Today, Postman claims to have 1.6 million monthly-active users, but the ride wasn’t easy for Abhinav.
They began looking at the space more closely and figured that people need flow an API workflow from the point of conceptualisation to publication of documentation and spreading the word of the API. Through this entire process, the team found that there are different activities that developers do. A chunk would test the API, another set would be backend developers and others frontend developers.
Building on collaboration
“We realised that while people were coming to Postman and doing these activities, their workflow wasn’t smooth. And they would face problems along the whole process of development to testing to monitoring. We validated that there was a communication problem among developers in doing all of these things. We thought of improving the product with this idea in mind,” says Abhinav.In the initial years, when Abhinav built Postman the money would come in as sponsors with $200 per month, it was bootstrapping in a different way. The initial plan was to sustain themselves and never stop work on the product.
It was during this time Google Chrome Developers approached him. They were using the Postman app and were building a packaged app platform. Soon the new version of Postman went out as a featured app in the Chrome Webstore. The duo saw that the organic growth of the app simply kept increasing and compounding.
Speaking of the Google experience, Abhinav says, “I had a call with one of the engineers in the Bay Area and I was surprised to hear that the developers there were using Postman for 20 percent of their development time. At that time, there were a few 100,000 active users. So I started building a new version of the app for them.”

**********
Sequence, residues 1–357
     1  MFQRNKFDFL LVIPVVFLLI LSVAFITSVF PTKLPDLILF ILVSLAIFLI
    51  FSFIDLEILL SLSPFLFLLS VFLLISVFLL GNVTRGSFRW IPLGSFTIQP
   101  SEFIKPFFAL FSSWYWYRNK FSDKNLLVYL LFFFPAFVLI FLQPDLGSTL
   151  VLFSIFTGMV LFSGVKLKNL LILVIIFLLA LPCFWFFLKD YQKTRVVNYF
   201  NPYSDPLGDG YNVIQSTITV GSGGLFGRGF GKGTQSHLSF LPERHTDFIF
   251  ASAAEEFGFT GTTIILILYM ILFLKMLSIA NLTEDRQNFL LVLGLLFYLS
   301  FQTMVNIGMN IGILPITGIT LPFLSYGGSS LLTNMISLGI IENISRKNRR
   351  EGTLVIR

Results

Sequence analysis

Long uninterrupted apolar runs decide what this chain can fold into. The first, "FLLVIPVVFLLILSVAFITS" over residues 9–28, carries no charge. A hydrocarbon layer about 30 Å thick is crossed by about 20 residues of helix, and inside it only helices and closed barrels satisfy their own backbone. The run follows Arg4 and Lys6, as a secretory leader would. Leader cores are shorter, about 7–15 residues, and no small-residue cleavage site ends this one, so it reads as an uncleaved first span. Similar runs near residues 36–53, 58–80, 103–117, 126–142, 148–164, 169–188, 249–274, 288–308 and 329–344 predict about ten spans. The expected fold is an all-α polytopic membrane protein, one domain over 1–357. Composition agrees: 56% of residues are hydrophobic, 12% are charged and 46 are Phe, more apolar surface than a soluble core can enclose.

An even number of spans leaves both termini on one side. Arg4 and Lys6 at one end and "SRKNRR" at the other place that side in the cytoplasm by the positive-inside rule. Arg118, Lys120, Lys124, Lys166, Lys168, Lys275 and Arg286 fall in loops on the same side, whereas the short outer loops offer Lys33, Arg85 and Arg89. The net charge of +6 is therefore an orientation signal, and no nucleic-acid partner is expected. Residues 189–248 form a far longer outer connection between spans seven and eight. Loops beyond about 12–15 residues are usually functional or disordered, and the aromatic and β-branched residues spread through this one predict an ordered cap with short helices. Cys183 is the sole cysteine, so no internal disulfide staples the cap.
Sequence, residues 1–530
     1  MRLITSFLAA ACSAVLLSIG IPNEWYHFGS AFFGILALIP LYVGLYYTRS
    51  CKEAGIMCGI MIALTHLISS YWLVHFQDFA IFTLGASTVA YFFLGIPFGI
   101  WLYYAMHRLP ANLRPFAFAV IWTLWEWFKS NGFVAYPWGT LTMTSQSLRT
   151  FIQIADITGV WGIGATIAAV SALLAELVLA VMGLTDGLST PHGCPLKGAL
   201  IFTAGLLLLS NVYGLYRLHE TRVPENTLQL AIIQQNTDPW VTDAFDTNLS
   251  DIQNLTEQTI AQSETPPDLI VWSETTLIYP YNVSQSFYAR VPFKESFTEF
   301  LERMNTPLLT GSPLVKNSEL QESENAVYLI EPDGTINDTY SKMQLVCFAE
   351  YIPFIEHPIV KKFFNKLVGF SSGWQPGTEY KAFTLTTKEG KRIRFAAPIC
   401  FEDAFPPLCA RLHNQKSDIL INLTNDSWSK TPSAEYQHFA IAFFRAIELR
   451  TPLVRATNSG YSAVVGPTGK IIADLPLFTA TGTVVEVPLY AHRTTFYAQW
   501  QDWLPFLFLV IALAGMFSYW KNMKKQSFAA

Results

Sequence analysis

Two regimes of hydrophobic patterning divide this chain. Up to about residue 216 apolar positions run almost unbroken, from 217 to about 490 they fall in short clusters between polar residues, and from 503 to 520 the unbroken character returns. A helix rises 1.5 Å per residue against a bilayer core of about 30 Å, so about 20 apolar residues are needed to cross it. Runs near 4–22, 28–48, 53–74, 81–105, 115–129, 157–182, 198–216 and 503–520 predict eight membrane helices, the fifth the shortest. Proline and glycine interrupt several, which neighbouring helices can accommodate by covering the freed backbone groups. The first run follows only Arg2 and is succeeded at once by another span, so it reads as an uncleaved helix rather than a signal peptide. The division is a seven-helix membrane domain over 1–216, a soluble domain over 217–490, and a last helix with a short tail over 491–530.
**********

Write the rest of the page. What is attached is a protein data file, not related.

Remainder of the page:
Soon the website was built and the minute they hit 500,000 users, they put out notifications. Started with jetpacks and in-app purchases, the team started working on a model. They saw that collaboration was an issue, and realised that they had to build a new type of collaboration platform. This was worked along a per month subscription basis.
Funding and market
Last year October end, Postman bagged a funding of $1 million from Nexus Venture Partners. The funding helped the team in building a stronger collaboration platform. Initially, Postman just helped with testing of the APIs.
Now with Postman Collections, developers can construct better. When people began sharing the Postman Collections, that’s where collaboration, syncing and other features came in.
Some of the products that are similar to Postman are Runscope, Paw, StopLight, RESTClient, SmartBear, and RAML. A report by Gartner suggests that by 2017, close to 268 billion downloads of mobile apps are likely to generate a cumulative revenue of $77 billion. The report also stated that open-source frameworks, app markets, and mobile DevOps will increase exponentially. This year, API testing is one of the top-most requirements by enterprises.
Speaking of their investment in Postman, Jishnu Bhattacharjee, Managing Director, Nexus Partners, says,
The thing about Postman was that it was a small team working on a product that had a global impact. They had a high bar, which automatically made them frugal and tight-knit. Building is not an expensive affair in today’s world. The goal is that every developer needs to use Postman, and it should become a core component of the enterprise software solution stack.
The team is now looking to strengthen the product, focus on the US operations and hire across the board.